Scotiabank's Commodity Price Index Jumps in December

Potash prices touch bottom, spurring stepped-up buying in the United States

TORONTO, Jan. 26 /CNW/ - Scotiabank's Commodity Price Index, which measures price trends in 32 of Canada's major exports, ended 2009 on a strong note, advancing 2.9 per cent month-over-month (m/m) in December and up a solid 20.7 per cent from the cyclical bottom in April. Investor interest in commodities as an 'asset class' drove commodity prices forward, a trend which continued in early 2010.

"The search for higher returns, given near-record low interest rates across the globe and exceptionally low U.S. Treasury yields, spurred a US$60 billion inflow into commodity-related investments in 2009 - boosting global commodity assets under management to about US$235 billion by late 2009 compared with a mere US$6-10 billion in 2000," said Patricia Mohr, Vice-President, Economics and Commodity Market Specialist at Scotiabank. "No where is this more evident than in the base metals, where fund and speculative interest has been driven by the China and emerging Asia story."

Metal & Minerals

The Metal & Minerals Index climbed by 2.9 per cent m/m, leading industrial commodity prices up in December, as significant gains in base metals, gold and sulphur more than countered slight declines in silver, cobalt, potash and uranium.

LME copper prices rose from an already lucrative US$3.03 per pound to US$3.17 in December and now stand at US$3.36 (yielding an exceptional 62 per cent profit margin over full breakeven costs). Gold prices also reached an all-time high of US$1,226.56 per ounce in intra-day trading on December 4.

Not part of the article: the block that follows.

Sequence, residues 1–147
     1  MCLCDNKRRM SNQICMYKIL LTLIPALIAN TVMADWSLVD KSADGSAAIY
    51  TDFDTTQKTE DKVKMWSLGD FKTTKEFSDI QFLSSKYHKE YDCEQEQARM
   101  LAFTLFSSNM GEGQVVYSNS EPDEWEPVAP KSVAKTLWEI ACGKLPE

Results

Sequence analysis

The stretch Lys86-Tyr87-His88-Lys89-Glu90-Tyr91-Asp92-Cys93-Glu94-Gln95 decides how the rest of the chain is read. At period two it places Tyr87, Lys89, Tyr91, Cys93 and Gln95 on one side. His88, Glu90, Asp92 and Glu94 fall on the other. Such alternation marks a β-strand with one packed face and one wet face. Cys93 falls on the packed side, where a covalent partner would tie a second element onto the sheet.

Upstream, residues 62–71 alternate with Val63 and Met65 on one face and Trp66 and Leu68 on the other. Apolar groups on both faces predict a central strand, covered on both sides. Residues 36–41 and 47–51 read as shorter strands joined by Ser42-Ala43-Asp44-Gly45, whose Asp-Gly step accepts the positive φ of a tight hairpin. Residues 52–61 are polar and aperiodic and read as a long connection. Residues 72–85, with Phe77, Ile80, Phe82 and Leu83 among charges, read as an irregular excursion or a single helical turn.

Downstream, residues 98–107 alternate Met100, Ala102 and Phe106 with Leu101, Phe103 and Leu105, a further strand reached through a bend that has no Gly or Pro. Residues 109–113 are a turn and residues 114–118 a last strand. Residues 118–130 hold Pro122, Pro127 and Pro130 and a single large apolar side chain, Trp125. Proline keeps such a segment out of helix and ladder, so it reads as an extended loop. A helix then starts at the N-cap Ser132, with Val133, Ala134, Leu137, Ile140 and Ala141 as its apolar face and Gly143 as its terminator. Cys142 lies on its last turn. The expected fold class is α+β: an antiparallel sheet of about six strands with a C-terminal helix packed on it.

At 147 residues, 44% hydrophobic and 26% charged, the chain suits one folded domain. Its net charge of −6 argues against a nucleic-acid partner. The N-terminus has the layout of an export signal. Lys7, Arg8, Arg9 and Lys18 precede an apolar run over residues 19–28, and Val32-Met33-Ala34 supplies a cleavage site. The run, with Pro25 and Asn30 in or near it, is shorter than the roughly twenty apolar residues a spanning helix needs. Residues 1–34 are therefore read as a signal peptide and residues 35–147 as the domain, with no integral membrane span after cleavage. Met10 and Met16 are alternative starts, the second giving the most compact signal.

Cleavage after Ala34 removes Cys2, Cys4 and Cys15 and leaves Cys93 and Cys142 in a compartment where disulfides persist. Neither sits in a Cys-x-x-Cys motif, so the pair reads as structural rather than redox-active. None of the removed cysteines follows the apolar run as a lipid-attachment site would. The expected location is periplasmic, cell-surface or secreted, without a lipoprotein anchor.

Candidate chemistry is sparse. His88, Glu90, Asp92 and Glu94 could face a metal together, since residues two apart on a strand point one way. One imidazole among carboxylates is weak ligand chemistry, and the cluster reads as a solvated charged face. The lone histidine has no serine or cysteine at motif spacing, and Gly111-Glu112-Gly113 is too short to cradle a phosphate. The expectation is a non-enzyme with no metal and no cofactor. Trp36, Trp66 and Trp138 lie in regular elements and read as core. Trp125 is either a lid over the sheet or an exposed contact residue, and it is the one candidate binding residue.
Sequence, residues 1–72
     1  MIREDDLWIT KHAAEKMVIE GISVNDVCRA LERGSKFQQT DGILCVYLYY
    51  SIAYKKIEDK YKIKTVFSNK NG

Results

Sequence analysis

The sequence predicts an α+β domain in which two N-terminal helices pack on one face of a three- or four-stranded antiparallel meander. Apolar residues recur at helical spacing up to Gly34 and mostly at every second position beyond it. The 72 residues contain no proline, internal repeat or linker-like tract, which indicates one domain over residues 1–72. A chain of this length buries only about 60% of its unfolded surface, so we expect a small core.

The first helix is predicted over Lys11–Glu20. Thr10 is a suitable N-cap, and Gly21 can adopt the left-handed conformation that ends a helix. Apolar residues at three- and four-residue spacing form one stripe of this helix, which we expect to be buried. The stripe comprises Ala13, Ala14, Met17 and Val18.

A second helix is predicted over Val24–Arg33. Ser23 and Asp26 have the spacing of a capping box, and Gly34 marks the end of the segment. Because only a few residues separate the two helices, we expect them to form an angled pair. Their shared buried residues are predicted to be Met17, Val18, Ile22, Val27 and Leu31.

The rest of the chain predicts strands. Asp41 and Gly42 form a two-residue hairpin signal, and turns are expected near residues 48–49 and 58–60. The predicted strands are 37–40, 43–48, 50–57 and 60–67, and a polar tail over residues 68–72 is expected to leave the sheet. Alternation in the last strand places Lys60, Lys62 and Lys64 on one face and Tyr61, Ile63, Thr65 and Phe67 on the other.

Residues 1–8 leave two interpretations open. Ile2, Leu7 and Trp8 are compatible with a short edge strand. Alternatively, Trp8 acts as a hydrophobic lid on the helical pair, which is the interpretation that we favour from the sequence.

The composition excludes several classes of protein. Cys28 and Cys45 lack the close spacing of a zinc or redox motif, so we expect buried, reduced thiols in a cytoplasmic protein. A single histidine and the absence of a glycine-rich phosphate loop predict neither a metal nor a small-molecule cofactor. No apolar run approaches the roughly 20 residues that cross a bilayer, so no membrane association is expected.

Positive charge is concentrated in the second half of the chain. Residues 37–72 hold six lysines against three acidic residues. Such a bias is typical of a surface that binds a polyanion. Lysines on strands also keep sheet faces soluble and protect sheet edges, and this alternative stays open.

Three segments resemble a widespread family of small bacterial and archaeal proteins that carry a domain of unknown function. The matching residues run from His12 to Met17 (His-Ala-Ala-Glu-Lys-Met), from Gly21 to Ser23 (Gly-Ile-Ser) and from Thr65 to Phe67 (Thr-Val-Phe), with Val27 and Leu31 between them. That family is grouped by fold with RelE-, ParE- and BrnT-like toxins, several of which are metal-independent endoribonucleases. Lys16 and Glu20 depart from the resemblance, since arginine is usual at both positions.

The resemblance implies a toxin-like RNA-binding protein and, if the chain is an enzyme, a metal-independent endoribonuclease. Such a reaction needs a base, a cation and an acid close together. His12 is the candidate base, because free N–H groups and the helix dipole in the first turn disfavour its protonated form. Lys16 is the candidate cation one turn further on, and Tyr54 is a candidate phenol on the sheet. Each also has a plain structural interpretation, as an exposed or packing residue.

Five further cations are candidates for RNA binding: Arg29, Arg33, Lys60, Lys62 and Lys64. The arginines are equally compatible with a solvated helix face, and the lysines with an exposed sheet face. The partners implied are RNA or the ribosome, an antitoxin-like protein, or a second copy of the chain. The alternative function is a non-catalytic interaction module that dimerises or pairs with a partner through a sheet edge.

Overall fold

Forecasts for base metal prices have been revised up, with copper now expected to average a very lucrative US$3.00 in 2010 and US$3.50 in 2011, climbing as high as US$4 next year.

"Both zinc and aluminium prices have recently increased in sympathy with copper, with prices reflecting investor interest in metals as assets over the medium-term rather than current supply/demand conditions," commented Ms. Mohr. "In the case of zinc, a metal which looms large in Canada, investors appear to be discounting tighter supply/demand conditions within several years, with the global balance shifting from today's surplus to deficit in 2011 and supplies becoming genuinely tight by 2013.

"Zinc concentrate supplies are expected to dwindle relative to smelter requirements, as many mines deplete in the 2011-15 period," continued Ms. Mohr.

Of the 32 commodities covered in the Scotiabank Commodity Price Index, lead was the strongest performing commodity in 2009. Strong battery demand in China for E-Bikes (electrically driven bicycles) contributed substantially to this stellar performance.

Spot potash prices at the Port of Vancouver edged down from US$480 per tonne in November to US$460 in December and dropped to about US$345 in mid-January. However, prices appear to have found a bottom, with Canpotex reducing prices in overseas and U.S. markets, following Belarusian Potash Company's contract settlement with China. Fertilizer shipments have recently picked up in the United States for all three major nutrients - potash, phosphates (DAP or diammonium phosphate) and nitrogen (urea), following under-application by U.S. farmers in 2009.